“There are many ways to drown. Only the most obvious wave their arms as they’re going under.” — Nick Flynn, Another Bullshit Night in Suck City
I stare at the drowning man, but I don’t do anything. His head is just above the water. He is waving his arms.
After a while, I turn and walk away.
My friend Max sprawled into a re-purposed dentist’s chair in a grimy Twentynine Palms tattoo parlor and held his shaved arm out from his side like he was about to give blood.
“How much,” I asked the tattooist, “for the sign in the bathroom?”
The tattooist’s ten-year-old boy butted in, “Two hundred.”
“No way,” I say.
“How much, really?” I asked the tattooist.
“He found it, ask him.”
“Two hundred,” the kid said again.
I don’t regret the tattoo
A year later and 600 miles away in Colorado, I drew the drowning man from memory and had him tattooed on my right shoulder blade.
All my other tattoos are on my arms, where I can see them. They are oriented right-side-up for me, upside-down for everyone else.
A psychologist friend once pointed out that the orientation is unusual.
I put the drowning man where I couldn’t see him.
I’ve never regretted getting the tattoo of the drowning man, but I regret putting him on my back, where I can’t see him.
Everything was fine
A couple of years after inking the drowning man into my skin, I found a poem in the alley running next to my house in Reno.
Stevie Smith’s Not Waving But Drowning describes a dead man lying on a beach, moaning, surrounded by a crowd of onlookers. Nobody hears him.
The onlookers guess the cold water killed him. The dead man moans that he was always cold, that he was “not waving but drowning.”
Reading Not Waving But Drowning felt like reading about my life. But I only admitted that to myself when I was alone in my basement, writing, which wasn’t often.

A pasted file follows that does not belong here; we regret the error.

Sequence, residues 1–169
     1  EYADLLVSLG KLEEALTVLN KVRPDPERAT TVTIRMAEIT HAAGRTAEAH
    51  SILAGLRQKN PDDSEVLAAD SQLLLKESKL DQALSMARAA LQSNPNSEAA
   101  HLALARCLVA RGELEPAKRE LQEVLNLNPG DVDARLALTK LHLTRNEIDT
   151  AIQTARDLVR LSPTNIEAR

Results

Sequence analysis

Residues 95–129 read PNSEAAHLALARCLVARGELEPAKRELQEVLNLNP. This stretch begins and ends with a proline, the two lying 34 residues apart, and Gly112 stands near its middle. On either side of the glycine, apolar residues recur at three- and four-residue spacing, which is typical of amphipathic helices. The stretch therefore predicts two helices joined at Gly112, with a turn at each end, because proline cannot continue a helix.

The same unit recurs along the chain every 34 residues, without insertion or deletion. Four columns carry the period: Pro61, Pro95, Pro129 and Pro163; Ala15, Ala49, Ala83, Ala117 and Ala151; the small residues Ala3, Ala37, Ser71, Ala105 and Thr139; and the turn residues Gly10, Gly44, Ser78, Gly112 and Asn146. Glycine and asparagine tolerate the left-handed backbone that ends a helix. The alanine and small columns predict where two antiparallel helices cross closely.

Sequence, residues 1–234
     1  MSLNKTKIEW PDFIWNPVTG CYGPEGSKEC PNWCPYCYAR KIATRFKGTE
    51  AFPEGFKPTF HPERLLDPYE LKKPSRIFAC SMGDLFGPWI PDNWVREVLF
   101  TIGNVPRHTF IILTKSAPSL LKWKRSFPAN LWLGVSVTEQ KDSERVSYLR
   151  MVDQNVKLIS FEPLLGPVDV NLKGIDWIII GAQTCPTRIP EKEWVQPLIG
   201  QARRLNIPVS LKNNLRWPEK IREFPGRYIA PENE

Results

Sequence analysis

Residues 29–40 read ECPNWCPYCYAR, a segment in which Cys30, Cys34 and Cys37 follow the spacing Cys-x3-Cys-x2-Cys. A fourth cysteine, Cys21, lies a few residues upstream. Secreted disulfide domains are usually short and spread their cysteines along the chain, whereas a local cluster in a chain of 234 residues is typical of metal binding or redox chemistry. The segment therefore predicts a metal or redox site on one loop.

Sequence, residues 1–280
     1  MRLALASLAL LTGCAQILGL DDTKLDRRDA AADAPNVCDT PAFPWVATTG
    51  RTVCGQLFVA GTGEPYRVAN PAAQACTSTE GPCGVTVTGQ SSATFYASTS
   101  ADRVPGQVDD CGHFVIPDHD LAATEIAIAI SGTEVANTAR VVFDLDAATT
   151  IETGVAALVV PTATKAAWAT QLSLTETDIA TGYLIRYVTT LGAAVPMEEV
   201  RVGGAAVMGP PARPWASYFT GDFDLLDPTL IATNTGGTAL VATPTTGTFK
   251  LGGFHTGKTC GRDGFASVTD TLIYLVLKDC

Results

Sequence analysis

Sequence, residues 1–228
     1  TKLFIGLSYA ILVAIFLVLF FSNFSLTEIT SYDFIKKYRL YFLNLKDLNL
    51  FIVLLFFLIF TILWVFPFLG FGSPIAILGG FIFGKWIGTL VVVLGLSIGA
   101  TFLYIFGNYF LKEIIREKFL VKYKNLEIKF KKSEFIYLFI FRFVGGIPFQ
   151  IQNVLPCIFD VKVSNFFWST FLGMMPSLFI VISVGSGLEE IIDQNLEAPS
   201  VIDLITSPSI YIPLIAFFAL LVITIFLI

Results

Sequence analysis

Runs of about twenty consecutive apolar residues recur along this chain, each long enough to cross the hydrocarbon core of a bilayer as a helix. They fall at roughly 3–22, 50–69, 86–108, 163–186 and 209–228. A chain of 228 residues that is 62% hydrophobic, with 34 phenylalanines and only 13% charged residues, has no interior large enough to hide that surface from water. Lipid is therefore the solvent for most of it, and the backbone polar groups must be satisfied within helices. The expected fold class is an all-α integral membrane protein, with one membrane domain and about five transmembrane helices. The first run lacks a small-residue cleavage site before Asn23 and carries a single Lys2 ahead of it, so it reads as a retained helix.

It didn’t fit the image I had of myself, which was the image I projected, which was that everything was fine.
What the hell is water?
At a commencement ceremony in 2005, David Foster Wallace told a fish story. It went something like this:
Two young fish are swimming through the water.
An older fish swims by.
“Morning boys,” the older fish says. “How’s the water?”
The two young fish swim away.
A while later, one young fish says to the other, “What the hell is water?’
The point being, sometimes the hardest things to see are the ones that surround us.
I was drowning
I was in my thirties when I realized that my water had always been loneliness and that I’d been drowning for as long as I could remember.
I wasn’t waving, not because I was cryptic, but because I wasn’t honest enough or brave enough to admit I was drowning. I thought — or had convinced myself — that the panicked flailing I was doing was called swimming.
Eventually, I realized that in drawing the no-swimming sign from memory I’d created a self-portrait.
Eventually, I realized that when I saw the sign in the tattoo shop bathroom, I might as well have been looking in a mirror.
Now, after more than a year of writing steadily, I know I was lonely because by not writing, or only writing sometimes, I wasn’t being true to myself.
Now I’m writing full-time and though I don’t need to see the drowning man every day, I’m glad he’ll always be with me as a reminder.
Suggested musical accompaniment: How to Fight Loneliness by Wilco.
© Copyright 2020 by Jim Latham